Although Accounts Payable and Payroll have one day's contingency, no such buffer exists within the customer billing system - it is a business objective to ensure that customer records are as up-to-date as possible in case they need to make an enquiry. As a result, each application area has at least three routine Smartcard holders to ensure the continuous ability to submit files despite holiday, sickness and off-site absence. The company has also established clear internal principles to ensure functional separation of duties: "With around half a billion pounds flowing through the system annually, it is important to effectively implement this principle, a clear audit trail and verifiable controls," stresses Richard Moss.
Northumbrian Water has also established a retainer relationship with an established bureau that can, if necessary, provide it with fully-tested contingency services. With the bureau covering the unlikely eventuality of a software failure, a duplicate IT infrastructure off-site protects against hardware failure.
Improvements Richard Moss is pleased that the project has been a success and will deliver tangible benefits to the business:
"Had we simply upgraded our existing system rather than ‘think afresh' to implement Experian Payments Gateway, we would have managed the migration to Bacstel-IP but gained little business process improvements. We now have a universal model across the organisation with common roles, procedures and definitions. Underneath the file submission process, everything is smoother, more professional, secure and accountable. Our internal auditors are particularly pleased with the separation of functions and duties and the audit trail is much improved.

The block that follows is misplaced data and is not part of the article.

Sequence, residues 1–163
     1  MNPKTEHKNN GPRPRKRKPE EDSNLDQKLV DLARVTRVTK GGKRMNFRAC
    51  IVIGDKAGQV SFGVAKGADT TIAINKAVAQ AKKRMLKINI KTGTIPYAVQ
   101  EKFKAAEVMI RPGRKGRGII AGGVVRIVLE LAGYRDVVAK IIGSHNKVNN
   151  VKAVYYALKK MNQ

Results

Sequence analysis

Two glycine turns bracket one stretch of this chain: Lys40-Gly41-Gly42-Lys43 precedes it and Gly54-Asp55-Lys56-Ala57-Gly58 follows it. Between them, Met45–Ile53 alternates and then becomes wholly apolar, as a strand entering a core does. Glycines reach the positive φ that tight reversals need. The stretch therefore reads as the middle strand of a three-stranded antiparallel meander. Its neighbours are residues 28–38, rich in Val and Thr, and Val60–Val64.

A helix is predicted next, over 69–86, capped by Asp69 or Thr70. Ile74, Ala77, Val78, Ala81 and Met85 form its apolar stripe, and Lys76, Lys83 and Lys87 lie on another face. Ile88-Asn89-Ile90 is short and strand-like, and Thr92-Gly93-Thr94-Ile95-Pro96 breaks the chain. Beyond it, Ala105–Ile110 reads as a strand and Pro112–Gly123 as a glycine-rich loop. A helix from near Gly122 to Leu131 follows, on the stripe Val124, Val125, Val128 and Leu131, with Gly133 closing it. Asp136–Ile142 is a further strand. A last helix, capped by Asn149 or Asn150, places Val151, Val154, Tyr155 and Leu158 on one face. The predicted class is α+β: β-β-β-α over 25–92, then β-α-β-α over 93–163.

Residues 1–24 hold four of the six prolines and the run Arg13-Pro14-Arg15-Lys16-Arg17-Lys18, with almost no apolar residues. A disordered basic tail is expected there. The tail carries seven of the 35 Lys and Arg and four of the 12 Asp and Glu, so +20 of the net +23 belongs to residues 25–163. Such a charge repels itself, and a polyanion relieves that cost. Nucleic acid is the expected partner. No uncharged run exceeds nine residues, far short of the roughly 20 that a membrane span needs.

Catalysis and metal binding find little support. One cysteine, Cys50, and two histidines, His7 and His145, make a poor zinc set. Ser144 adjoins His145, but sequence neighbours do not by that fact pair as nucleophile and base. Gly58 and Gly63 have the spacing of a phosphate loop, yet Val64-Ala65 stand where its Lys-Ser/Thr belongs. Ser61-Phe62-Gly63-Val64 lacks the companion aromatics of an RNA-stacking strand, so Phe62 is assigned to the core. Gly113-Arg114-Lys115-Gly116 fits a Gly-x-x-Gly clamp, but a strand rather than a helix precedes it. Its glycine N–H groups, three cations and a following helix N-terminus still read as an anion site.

Although not reducing the number of staff involved, we can now operate ‘paperless' with users now directly importing their payment or collection files into Experian Payments Gateway, checking it themselves within Experian Payments Gateway and then either submitting it themselves or authorising IT to do so for them. Except for the very largest files, the report confirming a file has safely arrived at Bacs is now available to users within minutes, enabling them to safely continue with other related work. Users are delighted."
The adoption of Experian Payments Gateway makes potential new initiatives much easier. For example the extension to Direct Credits for customer refunds or the potential to automate the payments process to increase the flexibility either of payment plans for customers (without incurring any additional operational overheads) or supplier payment dates (to optimise discounts available and corresponding bank charges). "Experian Payments Gateway has generally proved simple, effective and reliable to use and is a good enabler for further innovation in our payments processing areas," concludes Richard Moss. "It has reduced the resistance to business process improvements and allowed consideration of further improvements downstream."
Finance Systems Programme Manager